학생, 19, is banned from Aberdeen University’s union for two weeks after saying ‘Rule Britannia’ during a debate on the British Army
A university student has been banned from Aberdeen University’s union for two weeks after sayng ‘Rule Britannia’ during a debate on the British Army
Elizabeth Heverin, 19, received the ban after quoting the historic anthem prompted another student to complain.
텔레그래프와의 대화, Miss Heverin said: ‘It feels like I’ve been prosecuted for the 범죄 of being patriotic, it’s scary to think where freedom of speech at the university will go from here.’
Elizabeth Heverin, 19, feels like she has been ‘prosecuted for the crime of being patriotic,’ after she was given a two-week ban from student union buildings for writing ‘Rule Britannia’ in the middle of a debate
The Aberdeen University debate saw students discuss renewing a union policy on a demilitarised campus – which would actively bar military personnel from recruiting students.
When international students raised concerns about the presence of the British Army on campus, the history and politics student wrote in a webchat: ‘If the British military makes them feel uncomfortable, why did they come to a British uni?’
Shortly afterwards she wrote the words ‘Rule Britannia,’ 그녀가 말했다 텔레그래프.
International students at Aberdeen University had raised concerns about the presence of British Army recruiters on campus, prompting Miss Heverin to reply ‘If the British military makes them feel uncomfortable, why did they come to a British uni?’
Her comments were screen-shotted, reported and investigated by the Aberdeen University Students’ Association, which told her quoting the 18th century piece could be viewed as potentially discriminatory.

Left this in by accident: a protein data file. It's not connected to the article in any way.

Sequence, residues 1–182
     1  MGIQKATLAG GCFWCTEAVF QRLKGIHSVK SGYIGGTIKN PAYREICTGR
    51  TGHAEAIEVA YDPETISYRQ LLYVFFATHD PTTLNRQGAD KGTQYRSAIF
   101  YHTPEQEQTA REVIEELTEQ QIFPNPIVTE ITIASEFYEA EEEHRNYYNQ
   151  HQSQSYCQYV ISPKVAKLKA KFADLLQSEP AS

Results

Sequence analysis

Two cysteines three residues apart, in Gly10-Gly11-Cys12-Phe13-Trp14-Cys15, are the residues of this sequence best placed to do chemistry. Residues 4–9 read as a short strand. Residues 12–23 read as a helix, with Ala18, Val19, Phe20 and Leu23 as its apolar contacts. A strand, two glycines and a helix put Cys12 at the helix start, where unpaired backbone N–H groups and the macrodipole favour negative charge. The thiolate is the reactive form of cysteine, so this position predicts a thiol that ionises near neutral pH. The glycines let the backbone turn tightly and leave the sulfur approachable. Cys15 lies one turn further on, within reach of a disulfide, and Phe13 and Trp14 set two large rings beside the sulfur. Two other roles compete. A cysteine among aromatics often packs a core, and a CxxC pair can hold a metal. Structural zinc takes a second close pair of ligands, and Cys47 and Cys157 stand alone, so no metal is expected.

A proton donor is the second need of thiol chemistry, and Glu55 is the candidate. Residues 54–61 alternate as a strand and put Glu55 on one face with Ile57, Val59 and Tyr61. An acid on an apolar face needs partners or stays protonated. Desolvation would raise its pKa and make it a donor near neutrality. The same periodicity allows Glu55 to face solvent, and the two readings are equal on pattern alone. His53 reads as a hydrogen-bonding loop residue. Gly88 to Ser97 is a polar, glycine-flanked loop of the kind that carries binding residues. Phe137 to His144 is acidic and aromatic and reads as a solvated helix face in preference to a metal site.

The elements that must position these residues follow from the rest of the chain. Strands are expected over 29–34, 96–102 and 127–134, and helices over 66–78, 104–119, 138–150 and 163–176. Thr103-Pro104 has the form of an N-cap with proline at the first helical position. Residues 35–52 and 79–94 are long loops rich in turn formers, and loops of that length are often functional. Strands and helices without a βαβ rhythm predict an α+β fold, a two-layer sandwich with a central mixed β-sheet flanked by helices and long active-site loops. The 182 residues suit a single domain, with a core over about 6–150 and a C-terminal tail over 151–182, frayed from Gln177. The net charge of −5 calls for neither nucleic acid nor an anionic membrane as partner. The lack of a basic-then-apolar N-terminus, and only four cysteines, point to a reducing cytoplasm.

Writing to her afterwards, AUSA said it could not determine whether she made the comment with racist intent.
Miss Heverin’s two-week ban has barred her from all students’ union buildings, debates and services.
Rule Britannia, a poem by Scottish playwright James Thomson, was set to music by English composer Thomas Arne in 1740.
It gained popularity in the UK after it was first played in London in 1745 and became symbolic of the British Empire, most closely associated with the British Navy.
The song has been used as part of a number of compositions, including Wagner’s concert overture in D Major in 1837 and Beethoven’s orchestral work, Wellington’s Victory.
The history and politics student received a two-week ban from all student union buildings, debates and services, after the Aberdeen University Students’ Association found her comments could be viewed as potentially discriminatory
The song has been an integral part of the annual Remembrance Day ceremony since 1930, when it became the first song played in the programme known as The Traditional Music.
It regained popularity at the end of the Second World War in 1945 after it was played at the ceremonial surrender of the Japanese imperial army in Singapore.
But lyrics including the line ‘Britons never, 못, never shall be slaves’ have prompted anger in light of Britain’s own role in the slave trade.
MailOnline has approached Aberdeen University Students’ Association for a comment.